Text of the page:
United States District Court, E.D. Wisconsin
ALIL A. AZIZI, Petitioner,
JUDY SMITH, Respondent.
ORDER GRANTING MOTION TO DISMISS, DISMISSING CASE,
AND DENYING CERTIFICATE OF APPEALABILITY
CLEVERT, JR. U.S. DISTRICT JUDGE.
August 18, 2016, Alil Azizi filed a petition under 28 U.S.C.
§ 2254 asserting that his state-court conviction and
sentence were imposed in violation of the Constitution. Azizi
was convicted in Milwaukee County Circuit Court of one count
of first-degree sexual assault of a child and two counts of
second-degree sexual assault of a child. He was sentenced to
thirty years of imprisonment and is incarcerated at Oshkosh
court ordered Judy Smith to respond to the petition, and she
did so respond with a motion to dismiss based on
untimeliness. Azizi was directed to file any brief in
opposition to the motion by March 14, 2017. However, Azizi
filed no opposition, and appears to concede the motion's
some exceptions not applicable here, a habeas petitioner must
file his federal habeas case within one year of the date on
which his judgment became final by the conclusion of direct
review or the expiration of time for seeking such review. 28
U.S.C. § 2244(d)(1). However, time is tolled while a
properly filed postconviction motion is pending in state
court. § 2244(d)(2).
April 16, 1996, the Supreme Court of Wisconsin denied
Azizi's petition for review of his direct appeal. Azizi
then had ninety days, until July 15, 1996, within which to
file a petition for writ of certiorari in the United States
Supreme Court. See Sup. Ct. R. 13. Azizi did not
file a petition for a writ of certiorari. Hence, the clock
began ticking on or about July 16, 1996. He had through July
15, 1997 (unless he had some tolled time) to file his federal
has established no tolled time within that year. Smith's
records show that in 2006 Azizi filed a postconviction motion
under Wis.Stat. § 974.06; Azizi's unsuccessful
appeal concluded in 2007. Then, as Azizi's petition
indicates, in October 2015 he filed a petition under
State v. Knight, 168 Wis.2d 509 (1992), in the
Wisconsin Court of Appeals. That court denied the
Knight petition, and the Supreme Court of Wisconsin
denied review in February 2016.
filed the petition in this case within one year of the final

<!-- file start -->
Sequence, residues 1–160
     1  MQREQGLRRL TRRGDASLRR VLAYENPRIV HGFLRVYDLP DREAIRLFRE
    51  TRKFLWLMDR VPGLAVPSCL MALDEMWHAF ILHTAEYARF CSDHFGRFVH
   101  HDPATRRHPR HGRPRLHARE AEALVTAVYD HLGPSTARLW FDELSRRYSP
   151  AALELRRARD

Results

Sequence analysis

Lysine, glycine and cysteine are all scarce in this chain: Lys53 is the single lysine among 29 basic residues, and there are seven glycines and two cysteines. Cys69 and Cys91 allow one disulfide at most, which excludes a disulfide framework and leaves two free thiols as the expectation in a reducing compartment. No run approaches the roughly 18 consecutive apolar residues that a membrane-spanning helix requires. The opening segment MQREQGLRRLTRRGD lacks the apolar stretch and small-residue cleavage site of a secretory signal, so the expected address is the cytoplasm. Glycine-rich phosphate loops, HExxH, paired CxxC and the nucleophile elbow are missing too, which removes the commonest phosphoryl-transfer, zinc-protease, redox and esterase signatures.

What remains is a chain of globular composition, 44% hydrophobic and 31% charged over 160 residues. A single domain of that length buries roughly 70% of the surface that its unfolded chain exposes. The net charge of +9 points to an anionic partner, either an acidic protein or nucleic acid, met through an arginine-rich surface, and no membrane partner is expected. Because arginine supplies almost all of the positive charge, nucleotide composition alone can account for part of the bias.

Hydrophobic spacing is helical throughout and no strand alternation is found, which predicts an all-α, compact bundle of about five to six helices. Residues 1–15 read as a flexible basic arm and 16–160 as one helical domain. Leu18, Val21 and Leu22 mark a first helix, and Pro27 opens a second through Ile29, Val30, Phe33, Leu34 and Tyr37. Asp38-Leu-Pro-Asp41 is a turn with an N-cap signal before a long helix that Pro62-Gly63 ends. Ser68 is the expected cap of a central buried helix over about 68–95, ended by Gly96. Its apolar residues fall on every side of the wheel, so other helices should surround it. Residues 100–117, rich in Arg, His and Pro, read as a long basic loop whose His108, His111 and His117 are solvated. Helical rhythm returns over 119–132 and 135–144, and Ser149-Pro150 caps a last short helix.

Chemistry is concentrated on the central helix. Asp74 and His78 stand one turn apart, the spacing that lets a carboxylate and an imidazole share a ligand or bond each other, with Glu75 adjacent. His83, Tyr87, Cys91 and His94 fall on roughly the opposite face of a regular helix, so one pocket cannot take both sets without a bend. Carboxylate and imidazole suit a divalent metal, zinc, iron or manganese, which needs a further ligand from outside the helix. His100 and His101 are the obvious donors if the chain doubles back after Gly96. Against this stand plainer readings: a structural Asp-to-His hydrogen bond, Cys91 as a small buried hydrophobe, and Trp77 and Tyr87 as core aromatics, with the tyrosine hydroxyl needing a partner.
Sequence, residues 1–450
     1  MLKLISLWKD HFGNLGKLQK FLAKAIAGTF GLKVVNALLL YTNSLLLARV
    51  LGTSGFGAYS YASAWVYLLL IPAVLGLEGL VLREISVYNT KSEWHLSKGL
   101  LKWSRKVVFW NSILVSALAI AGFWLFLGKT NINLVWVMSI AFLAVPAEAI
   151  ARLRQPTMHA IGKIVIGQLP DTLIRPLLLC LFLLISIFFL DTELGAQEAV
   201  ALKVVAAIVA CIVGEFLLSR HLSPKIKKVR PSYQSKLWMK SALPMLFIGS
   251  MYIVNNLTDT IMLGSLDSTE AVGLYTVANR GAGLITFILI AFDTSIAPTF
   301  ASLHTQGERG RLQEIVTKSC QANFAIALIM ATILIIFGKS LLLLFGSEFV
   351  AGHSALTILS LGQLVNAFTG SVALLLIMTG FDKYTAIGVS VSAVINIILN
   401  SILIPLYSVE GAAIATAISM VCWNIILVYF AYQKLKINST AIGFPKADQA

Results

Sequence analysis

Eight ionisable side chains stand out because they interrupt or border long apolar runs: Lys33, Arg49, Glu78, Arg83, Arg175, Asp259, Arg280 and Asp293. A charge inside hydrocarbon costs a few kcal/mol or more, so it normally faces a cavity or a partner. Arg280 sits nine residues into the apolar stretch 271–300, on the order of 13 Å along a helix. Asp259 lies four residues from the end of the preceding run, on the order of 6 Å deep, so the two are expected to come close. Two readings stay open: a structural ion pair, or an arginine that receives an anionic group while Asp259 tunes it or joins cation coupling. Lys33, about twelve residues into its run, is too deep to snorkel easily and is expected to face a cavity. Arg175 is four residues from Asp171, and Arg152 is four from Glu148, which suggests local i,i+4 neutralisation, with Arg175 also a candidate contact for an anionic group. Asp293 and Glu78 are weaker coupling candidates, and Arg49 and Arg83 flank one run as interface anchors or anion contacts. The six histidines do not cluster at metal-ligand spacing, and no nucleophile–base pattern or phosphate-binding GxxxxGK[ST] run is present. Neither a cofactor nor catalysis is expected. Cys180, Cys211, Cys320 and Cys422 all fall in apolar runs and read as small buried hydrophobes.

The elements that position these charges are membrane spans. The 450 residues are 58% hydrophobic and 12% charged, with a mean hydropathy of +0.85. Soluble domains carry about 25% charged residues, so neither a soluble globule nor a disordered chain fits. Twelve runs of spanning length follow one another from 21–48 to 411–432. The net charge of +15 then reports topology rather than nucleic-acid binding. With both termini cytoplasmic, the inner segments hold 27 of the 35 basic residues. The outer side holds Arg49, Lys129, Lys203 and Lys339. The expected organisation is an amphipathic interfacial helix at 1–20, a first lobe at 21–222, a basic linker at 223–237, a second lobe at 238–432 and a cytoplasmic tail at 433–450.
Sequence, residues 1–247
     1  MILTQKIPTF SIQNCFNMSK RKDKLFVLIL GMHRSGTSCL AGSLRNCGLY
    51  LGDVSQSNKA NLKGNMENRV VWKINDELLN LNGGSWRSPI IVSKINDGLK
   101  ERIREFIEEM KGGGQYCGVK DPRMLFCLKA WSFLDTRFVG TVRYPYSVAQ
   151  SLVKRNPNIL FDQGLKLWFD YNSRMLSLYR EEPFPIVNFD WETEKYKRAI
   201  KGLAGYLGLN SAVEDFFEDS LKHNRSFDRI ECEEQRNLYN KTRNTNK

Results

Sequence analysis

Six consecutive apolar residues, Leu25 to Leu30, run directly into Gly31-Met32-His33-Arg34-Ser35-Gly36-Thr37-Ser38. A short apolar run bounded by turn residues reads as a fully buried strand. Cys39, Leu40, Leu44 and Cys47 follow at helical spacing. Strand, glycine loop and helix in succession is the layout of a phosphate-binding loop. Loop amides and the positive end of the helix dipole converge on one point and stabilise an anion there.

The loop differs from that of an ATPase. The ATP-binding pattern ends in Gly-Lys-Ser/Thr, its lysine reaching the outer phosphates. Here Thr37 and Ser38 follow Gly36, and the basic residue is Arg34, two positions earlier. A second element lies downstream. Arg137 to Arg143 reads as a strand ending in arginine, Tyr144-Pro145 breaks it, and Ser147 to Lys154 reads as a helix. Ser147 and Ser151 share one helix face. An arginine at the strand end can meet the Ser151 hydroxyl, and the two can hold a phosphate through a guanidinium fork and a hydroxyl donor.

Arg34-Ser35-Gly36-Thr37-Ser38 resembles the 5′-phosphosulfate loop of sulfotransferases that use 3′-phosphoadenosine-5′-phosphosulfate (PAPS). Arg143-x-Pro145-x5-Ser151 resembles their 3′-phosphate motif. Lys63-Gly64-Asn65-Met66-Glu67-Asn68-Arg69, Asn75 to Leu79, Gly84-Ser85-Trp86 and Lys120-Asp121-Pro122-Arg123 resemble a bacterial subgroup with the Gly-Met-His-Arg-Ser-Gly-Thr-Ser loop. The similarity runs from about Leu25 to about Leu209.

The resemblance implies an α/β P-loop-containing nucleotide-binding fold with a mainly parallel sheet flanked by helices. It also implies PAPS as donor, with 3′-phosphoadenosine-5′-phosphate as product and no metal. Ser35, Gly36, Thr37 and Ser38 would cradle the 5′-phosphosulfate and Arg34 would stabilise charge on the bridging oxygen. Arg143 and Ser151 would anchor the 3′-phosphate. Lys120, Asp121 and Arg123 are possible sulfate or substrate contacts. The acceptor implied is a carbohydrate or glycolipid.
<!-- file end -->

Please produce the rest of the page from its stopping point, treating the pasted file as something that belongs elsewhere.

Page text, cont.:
decision on the Knight petition. But neither that
proceeding nor the § 974.06 proceeding in 2006 could
revive or restart the already-expired limitations period for
his federal habeas case. Nor could those state-court
proceedings toll time for a limitations period that had
already expired. See De Jesus v. Acevedo, 567 F.3d
941, 942 (7th Cir. 2009) (stating that a “state
court's later refusal to upset a conviction does not open
a new window for federal collateral review”).
“[A] state proceeding that does not begin until the
federal year has expired is irrelevant.” Id.
one-year statute of limitations period for filing a §
2254 petition is subject to equitable tolling, but to qualify
for such equitable tolling a petitioner must have been
diligent and prevented from timely filing by extraordinary
circumstances. Holland v. Florida, 560 U.S. 631,
634, 645, 649 (2010). The petitioner bears the burden of
establishing any basis for equitable tolling. See
Williams v. Buss, 538 F.3d 683, 685 (7th Cir. 2008).
With due regard for the extraordinary circumstances required
to justify equitable tolling, Azizi has not, and it is
apparent that he cannot, proffer any sufficient reason for
claiming nineteen years of equitable tolling. He let the
one-year time period for a federal habeas case expire with no
action at all, waited ten years to file his § 974.06
motion, and then waited another nine years to file his
Azizi filed this case almost two decades too late. Therefore,
the case must be dismissed.
unsuccessful habeas petitioner has no right to appeal the
denial of his petition. Miller-El v. Cockrell, 537
U.S. 322, 327, 335 (2003). Before a habeas petitioner may
take an appeal to the Seventh Circuit, he must obtain a
certificate of appealability. See 28 U.S.C. §
2253(c); Fed. R. App. P. 22(b); Miller-El, 537 U.S.
at 335-36. A certificate of appealability issues only if the
petitioner makes a “substantial showing of the denial
of a constitutional right, ” 28 U.S.C. §
2253(c)(2), by demonstrating that “jurists of reason
could disagree with the district court's resolution of
his constitutional claims or that jurists could conclude the
issues presented are adequate to deserve encouragement to
proceed further, ” Miller-El, 537 U.S. at 327;
accord Slack v. McDaniel, 529 U.S. 473, 484 (2000).
district court has rejected a petitioner's claims on the
merits, “the showing required to satisfy § 2253(c)
is straightforward: the petitioner must demonstrate that
reasonable jurists would find the district court's
assessment of the constitutional claims debatable or
wrong.” Slack, 529 U.S. at 484. When a
district court dismisses a habeas petition based on
procedural grounds without reaching the underlying
constitutional claims, a certificate of appealability should
only issue when the petitioner shows “that jurists of
reason would find it debatable whether the petition states a
valid claim of the denial of a constitutional right and that
jurists of reason would find it debatable whether the
district court was correct in its procedural ruling.”
Slack, 529 U.S. at 484.
Azizi's case, reasonable jurists would not find
the ruling in this case to be debatable or worthy of further
encouragement. Azizi missed the statute-of-limitations
deadline by over nineteen years, his postconviction
proceedings clearly occurred after the filing deadline here
had passed so no time was tolled, and Azizi has shown no
diligence or extraordinary circumstances justifying ...